Airlines Likely To Need More Government Support, IATA CEO Says

KLM planes parked at Schiphol
Credit: KLM / Twitter

Airlines will most likely have to ask governments for more financial support as the COVID-19 pandemic deepens, IATA director general and CEO Alexandre de Juniac said. 

His comments came during an online interview as part of the World Aviation Festival Sept. 23.  

“At the beginning of the pandemic we asked governments to step in and support financially,” de Juniac said, noting that in many regions, such as Asia, Europe, the Middle East and North America, governments did a good job helping the industry. “The more the crisis lasts, the more government support we need. If the crisis continues, we will probably ask for more support from governments.”   

De Juniac also said that if governments around the world lifted COVID-19 travel restrictions, such as quarantines and border closures, the air transport industry could recover to pre-pandemic levels quicker than predicted. 

IATA is calling for systematic COVID-19 testing of all international passengers before departure to help restart aviation as well as global testing standards that could replace quarantine requirements which are stifling bookings. 

“We have published a forecast that says that we should catch up with 2019 levels around the end of 2023/beginning of 2024,” de Juniac said. “But it will not happen if governments don’t lift travel restrictions. And if governments lift travel restrictions–quarantines and border closures–it could happen even more quickly, because our surveys and what we see in the domestic market in China for example, show that the appetite for flight is still there.”  

Speaking at a different session during the same event, KLM CEO Pieter Elbers forecast more post-crisis consolidation as well as cooperation among carriers as the industry seeks to rebuild.  

“Today all the airlines in the world are still in survival mode. Every big crisis in the industry so far has led to further consolidation,” Elbers said. “The massive recovery trajectory will require possibly also more collaboration between various carriers to make sure we optimize the assets. After the 12-18 months of pure crisis management is behind us, somewhere in the middle of next year, there is going to be a stage when consolidation and further collaboration in the industry will take place.”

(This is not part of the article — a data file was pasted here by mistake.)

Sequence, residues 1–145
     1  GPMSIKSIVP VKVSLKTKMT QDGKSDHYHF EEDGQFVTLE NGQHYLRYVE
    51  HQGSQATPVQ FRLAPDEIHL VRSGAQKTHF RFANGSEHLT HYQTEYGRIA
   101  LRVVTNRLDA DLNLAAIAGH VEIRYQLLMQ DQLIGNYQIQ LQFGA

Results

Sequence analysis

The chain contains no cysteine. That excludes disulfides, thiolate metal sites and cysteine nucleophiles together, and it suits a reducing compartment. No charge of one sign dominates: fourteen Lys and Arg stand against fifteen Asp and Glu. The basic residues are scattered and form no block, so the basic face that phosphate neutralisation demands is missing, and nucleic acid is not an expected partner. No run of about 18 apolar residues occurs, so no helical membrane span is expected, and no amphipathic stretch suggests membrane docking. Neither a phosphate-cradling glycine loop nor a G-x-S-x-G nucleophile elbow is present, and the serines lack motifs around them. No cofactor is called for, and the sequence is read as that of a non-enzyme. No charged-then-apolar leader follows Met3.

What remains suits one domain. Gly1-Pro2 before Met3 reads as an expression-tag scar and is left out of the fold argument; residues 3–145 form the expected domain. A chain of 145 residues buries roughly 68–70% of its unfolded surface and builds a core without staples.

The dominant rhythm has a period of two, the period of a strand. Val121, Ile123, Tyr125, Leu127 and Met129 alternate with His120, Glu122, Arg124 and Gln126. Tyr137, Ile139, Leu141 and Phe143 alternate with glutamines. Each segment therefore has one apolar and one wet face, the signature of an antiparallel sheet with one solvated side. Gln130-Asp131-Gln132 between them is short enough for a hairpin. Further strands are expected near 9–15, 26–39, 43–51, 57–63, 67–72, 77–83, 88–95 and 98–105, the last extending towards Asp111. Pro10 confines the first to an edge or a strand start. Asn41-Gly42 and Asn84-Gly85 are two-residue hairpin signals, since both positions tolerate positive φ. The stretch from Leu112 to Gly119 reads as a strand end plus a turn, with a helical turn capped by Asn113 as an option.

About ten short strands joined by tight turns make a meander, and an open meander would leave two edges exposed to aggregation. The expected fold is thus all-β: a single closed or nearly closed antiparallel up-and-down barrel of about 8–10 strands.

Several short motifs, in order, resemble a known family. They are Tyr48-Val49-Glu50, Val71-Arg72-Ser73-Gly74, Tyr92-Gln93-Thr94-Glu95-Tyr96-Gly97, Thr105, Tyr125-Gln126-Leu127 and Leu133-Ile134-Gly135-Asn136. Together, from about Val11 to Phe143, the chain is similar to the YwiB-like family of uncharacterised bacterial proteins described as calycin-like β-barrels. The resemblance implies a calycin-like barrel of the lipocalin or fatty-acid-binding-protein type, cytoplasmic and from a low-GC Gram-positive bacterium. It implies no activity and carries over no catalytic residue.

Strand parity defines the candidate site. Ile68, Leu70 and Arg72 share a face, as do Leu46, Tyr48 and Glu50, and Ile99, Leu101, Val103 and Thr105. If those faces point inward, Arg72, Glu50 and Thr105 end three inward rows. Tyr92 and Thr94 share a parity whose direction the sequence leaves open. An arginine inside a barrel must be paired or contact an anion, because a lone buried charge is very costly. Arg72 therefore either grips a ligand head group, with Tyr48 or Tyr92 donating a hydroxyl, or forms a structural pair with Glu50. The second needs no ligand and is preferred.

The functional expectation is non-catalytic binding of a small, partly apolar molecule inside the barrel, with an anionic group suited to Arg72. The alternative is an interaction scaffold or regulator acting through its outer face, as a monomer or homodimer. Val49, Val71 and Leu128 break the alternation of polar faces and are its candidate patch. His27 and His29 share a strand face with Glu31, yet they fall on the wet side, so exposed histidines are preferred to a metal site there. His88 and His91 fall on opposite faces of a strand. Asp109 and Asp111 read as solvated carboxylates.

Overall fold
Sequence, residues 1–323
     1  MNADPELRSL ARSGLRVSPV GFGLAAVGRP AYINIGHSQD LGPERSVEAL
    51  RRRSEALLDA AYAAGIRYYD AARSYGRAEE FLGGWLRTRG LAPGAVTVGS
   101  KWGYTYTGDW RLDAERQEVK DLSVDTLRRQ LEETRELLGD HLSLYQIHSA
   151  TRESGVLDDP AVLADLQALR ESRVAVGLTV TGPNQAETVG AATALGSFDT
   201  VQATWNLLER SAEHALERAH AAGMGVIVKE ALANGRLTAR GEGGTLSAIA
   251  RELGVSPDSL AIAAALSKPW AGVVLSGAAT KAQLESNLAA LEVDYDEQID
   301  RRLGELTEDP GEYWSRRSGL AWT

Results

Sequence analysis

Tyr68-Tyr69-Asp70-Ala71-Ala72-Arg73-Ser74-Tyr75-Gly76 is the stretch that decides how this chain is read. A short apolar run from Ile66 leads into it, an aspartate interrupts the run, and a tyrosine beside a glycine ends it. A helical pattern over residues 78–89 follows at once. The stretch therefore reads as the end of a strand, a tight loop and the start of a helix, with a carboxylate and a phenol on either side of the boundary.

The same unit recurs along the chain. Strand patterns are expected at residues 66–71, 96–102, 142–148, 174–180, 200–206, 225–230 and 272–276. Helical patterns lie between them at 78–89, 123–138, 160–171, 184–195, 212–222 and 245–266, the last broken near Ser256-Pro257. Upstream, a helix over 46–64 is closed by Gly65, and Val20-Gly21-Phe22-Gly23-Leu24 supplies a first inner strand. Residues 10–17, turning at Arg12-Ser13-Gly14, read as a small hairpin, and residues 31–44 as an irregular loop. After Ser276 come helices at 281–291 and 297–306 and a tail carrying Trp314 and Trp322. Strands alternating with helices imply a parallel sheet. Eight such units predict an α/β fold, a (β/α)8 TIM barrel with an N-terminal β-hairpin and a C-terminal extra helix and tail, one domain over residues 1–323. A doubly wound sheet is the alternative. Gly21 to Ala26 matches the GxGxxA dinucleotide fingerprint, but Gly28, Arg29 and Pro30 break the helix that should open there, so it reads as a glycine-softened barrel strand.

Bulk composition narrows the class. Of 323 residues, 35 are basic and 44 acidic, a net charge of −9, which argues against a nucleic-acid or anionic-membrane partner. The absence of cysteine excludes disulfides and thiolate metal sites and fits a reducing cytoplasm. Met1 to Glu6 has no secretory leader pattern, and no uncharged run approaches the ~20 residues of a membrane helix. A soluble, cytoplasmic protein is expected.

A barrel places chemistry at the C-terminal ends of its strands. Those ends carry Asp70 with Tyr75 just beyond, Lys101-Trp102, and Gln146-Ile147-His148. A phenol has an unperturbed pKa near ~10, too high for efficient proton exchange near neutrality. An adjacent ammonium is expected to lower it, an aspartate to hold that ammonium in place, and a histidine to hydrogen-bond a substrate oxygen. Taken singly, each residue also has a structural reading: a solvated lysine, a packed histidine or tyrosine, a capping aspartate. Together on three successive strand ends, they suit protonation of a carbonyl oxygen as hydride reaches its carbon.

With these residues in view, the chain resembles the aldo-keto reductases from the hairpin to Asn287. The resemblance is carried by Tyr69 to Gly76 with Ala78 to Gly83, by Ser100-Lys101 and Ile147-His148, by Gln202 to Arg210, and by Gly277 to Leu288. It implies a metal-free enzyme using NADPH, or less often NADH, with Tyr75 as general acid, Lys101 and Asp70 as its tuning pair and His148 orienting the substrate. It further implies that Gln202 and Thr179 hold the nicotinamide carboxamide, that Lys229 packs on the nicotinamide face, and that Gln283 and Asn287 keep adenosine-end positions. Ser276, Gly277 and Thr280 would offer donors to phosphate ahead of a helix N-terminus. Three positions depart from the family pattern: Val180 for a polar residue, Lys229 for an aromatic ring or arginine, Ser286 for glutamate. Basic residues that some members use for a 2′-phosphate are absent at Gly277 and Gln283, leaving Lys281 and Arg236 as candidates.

Pegasus Airlines CEO Mehmet Tevfik Nane agreed the crisis would lead to “inevitable” further consolidation. “The winter period is going to be tougher for the aviation industry than planned,” Nane added.  

Looking further ahead, Elbers said a COVID-19 vaccine would be a key tool in releasing pent-up demand for air travel. “It’s going to have a massive positive effect. If we see what was happening this summer when things were at least perceived by many as under control, people started flying again,” Elbers said. “So, when the vaccine is there, the economic damage of this COVID virus will still be affecting the industry. But the travel itself will resume again, especially on short-haul, rather quickly.” 

Elbers joined other industry representatives in calling for a more coherent and consistent approach to health measures within the industry. Elbers noted that in addition to testing, greater international standardization in health guidelines and requirements for equipment, such as crew masks and protective wear, between countries would boost passenger confidence. 

Helen Massy-Beresford

Based in Paris, Helen Massy-Beresford covers European and Middle Eastern airlines, the European Commission’s air transport policy and the air cargo industry for Aviation Week & Space Technology and Aviation Daily.